First it was Florida, now a federal court has ruled that the districts drawn by the Virginia legislature after the 2010 census are unconstitutional because they are drawn to limit the representation of black people to a single district.
A panel of federal judges on Tuesday declared Virginia’s congressional maps unconstitutional because they concentrate African American voters into a single district at the expense of their influence elsewhere.
The decision, handed down in the U.S. District Court for the Eastern District of Virginia, orders the Virginia General Assembly to draw up new congressional maps by April — potentially launching a frenzied and highly political battle for survival within Virginia’s congressional delegation.
The order delivered another victory for Democratic plaintiffs hoping to break up black-majority districts, which they say have been drawn by Republicans who have used the Voting Rights Act to dilute the influence of minority voters.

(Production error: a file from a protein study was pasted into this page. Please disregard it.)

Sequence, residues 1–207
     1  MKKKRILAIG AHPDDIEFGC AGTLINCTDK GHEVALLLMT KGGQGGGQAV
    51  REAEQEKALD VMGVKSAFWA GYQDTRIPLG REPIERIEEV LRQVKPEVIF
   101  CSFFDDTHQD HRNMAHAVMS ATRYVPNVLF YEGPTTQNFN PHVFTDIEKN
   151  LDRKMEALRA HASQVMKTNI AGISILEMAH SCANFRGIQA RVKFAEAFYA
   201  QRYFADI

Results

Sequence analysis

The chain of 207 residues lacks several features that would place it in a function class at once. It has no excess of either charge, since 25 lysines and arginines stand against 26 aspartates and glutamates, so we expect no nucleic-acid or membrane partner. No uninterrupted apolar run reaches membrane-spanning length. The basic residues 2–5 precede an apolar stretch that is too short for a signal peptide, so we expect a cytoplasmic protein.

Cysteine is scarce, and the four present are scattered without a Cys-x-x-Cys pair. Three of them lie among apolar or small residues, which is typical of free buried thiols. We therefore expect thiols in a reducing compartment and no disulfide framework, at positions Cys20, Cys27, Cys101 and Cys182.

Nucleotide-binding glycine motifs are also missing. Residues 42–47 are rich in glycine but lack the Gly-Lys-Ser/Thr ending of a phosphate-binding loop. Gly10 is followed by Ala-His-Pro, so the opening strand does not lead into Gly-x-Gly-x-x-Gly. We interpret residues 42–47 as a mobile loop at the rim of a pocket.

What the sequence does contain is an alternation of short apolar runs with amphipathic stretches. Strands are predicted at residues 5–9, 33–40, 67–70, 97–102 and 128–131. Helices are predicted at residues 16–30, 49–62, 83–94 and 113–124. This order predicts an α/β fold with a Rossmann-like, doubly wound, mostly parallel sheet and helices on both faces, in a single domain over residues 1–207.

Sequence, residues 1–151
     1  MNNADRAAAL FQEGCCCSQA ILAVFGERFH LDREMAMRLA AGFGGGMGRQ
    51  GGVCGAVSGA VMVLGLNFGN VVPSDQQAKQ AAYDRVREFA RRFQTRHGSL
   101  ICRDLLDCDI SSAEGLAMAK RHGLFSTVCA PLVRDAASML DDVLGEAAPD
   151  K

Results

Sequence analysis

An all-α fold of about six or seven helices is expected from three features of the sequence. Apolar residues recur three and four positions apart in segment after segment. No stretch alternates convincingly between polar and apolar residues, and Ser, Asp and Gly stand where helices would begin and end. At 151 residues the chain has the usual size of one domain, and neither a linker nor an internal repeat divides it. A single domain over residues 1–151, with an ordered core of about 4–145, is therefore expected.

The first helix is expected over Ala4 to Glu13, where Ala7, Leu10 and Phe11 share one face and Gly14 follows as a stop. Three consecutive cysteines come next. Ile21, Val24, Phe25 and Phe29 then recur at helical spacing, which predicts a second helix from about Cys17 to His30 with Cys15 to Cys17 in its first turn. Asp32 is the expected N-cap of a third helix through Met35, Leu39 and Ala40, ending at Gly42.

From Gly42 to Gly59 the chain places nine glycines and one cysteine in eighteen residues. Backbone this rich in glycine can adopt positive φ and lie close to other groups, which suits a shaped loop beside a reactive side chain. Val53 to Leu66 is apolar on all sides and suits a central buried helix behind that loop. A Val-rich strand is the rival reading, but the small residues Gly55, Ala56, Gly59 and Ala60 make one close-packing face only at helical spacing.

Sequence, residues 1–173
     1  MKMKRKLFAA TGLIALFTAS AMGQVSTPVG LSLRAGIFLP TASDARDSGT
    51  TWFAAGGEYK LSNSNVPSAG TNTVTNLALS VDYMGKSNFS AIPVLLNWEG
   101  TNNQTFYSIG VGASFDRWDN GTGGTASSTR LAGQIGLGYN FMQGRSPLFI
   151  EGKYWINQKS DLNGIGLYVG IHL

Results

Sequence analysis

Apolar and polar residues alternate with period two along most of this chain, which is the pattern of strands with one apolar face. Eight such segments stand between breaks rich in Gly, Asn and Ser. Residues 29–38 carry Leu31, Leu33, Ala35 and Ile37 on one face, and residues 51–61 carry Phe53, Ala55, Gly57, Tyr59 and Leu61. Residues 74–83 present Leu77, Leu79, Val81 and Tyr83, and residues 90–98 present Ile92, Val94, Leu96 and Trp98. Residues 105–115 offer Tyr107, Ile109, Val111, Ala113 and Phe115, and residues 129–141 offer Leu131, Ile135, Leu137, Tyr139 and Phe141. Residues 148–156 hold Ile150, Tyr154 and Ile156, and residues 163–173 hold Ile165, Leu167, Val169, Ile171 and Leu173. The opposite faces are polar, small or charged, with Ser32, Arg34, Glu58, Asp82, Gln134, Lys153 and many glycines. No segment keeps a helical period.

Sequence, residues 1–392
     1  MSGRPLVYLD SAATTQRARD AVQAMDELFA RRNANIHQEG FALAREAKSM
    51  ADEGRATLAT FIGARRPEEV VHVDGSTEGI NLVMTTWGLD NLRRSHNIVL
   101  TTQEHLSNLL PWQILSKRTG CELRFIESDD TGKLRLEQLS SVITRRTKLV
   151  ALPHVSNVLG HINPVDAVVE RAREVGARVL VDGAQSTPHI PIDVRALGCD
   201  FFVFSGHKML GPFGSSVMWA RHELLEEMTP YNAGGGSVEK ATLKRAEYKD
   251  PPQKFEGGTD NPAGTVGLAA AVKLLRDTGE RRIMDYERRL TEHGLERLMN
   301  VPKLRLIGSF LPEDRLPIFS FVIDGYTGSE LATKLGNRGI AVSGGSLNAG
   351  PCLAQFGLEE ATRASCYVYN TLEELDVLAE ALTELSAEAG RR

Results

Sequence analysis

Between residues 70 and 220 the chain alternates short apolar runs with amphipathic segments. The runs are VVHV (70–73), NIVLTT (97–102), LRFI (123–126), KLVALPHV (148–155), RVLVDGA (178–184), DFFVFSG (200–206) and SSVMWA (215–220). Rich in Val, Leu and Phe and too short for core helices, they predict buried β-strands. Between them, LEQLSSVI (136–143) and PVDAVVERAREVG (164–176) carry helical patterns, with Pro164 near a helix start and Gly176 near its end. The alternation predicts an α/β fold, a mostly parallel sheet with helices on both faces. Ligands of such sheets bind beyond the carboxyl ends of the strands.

A similar case in Alabama in which Republicans prevailed will be heard by the Supreme Court this term.
“We’re obviously thrilled with the results,” said Marc Elias, a lawyer on the Virginia case who represented two voters from the district where the unconstitutional redistricting took place. “The Republicans engaged in impermissible racial gerrymandering in a cynical effort to gain seats. . . . We look forward to the state doing a new redistricting to comply with the court’s orders.”Elias said that if Virginia does not appeal, its leaders will have to go “back to the drawing board” to draw their electoral boundaries.
Judge Robert E. Payne wrote in a dissenting option that incumbent protection — rather than race — motivated the redistricting, a practice which is legal.
Unfortunately, the Supreme Court may very well rule the wrong way in the Alabama case and cancel this ruling, as well as the Florida ruling. What needs to be done is that redistricting should be removed from political control entirely. Districts should be drawn up by a committee of experts who are not beholden to elected officials or political parties.